Frazzled…Time to Run!

Ok. This week completely got away from me.
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If you didn’t know, I’m headed out of town tomorrow (wow…tomorrow is Friday, isn’t it?) for the inaugural Nike Women’s Half Marathon in Washington, DC. It’s something I didn’t actually plan on happening, but here I am.

Nike has an existing half and full marathon in San Francisco every fall, and this year expanded that series to include a half in DC. Exciting! Of course that meant there was a huge crowd wanting to do this first-time event. Thousands upon thousands. And that included a few of my local friends.

We entered the race via the lottery last year as a group. This meant we’d either all get in or none of us would. I didn’t hold my breath. I didn’t even put it on my calendar.

Then we got the news. We were in! Yeah! Crap…better get it on the calendar and cross off some other things, including a race at Mohican I was meaning to do. And ALL my spring races, It had nothing to do with the distance. The cost on this one was going to kill me. I get it. The race benefits the Leukemia & Lymphoma Society. They have to get some money out of my registration fees too. Oh…and did I mention the medal?
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Likely the only way I’m ever getting one of these blue boxes! I can’t wait to see what’s inside!

The distance fit into my 50k/50mi training schedule perfectly. I planned on dropping back on distance in preparation for peak week next week. And I really detest the taper anyway, so I’ve been running through this one.

I haven’t been to DC in a long time, and I’m excited to run in a new city. The course looks nice with lots of sights to see during the event. I also plan on spending some time running in the area Friday and Saturday.
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I can’t wait to meet some of my fellow ENERGYbits ambassadors who are running the race as well…two meetups planned with them over the weekend! I hope to post some pictures from the race-related events and from my runs both here and on twitter.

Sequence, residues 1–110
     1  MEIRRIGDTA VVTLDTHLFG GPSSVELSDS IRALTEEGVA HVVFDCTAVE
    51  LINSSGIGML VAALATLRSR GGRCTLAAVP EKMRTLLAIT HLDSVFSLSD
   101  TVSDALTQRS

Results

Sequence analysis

Stay tuned…the excitement begins tomorrow!
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It’s hard to explain…

I’m not sure I have the words…
The pain covers me like a wave.
Merciless. Again. And again. Unceasing.
Is there no end to this?
No light at the end of the tunnel.
It has to stop.
I can’t bear it.
It’s too much.

The internal torture is compounded by physical pain. My knee is still swollen from Sunday. My joints are on fire. My head throbs. My hands ache. My feet continuously cramp.
I’ve learned to accept this…my whole body hurts during this kind of weather.
Cold. Rainy. Dark.

It’s so fitting for how I feel inside. Like all life…all happiness is gone. Never to return.

Before you jump to conclusions and start worrying about me, I’m fine. Really. This is a normal cycle. I’m not going to pretend that I feel happy all the time…I’m far from bubbly.

When others hurt, so do I. Even if we barely know each other, and you are hurting, I am there for you. It’s who I am. I won’t change it. I wouldn’t trade it for anything. It makes me unique, and tragically misunderstood.

Six months ago I was suffering in silence. I had no place to share my feelings. That was just fine with me…but an introvert’s life can be a lonely place. I always joked that I could feel alone in a crowded room. Only I wasn’t really joking.

My dark is dark. More than most people can bear.
Or understand.
Or care to know.
But in the darkness I grow.

I’ve turned off all news outlets today. I woke up in the middle of the night to more violence, and I couldn’t handle it. I ran. I’m going to run more this afternoon, hopefully with a few friends that understand. That feel like I do. We don’t need to talk about it. The woods is a healing place. Just being there, together, is enough. If home is where the heart is, then my home is in the woods.

I might just run until the numbness fades.
Until the tears come, and leave again.
Until the pain dissipates.

For now anyway.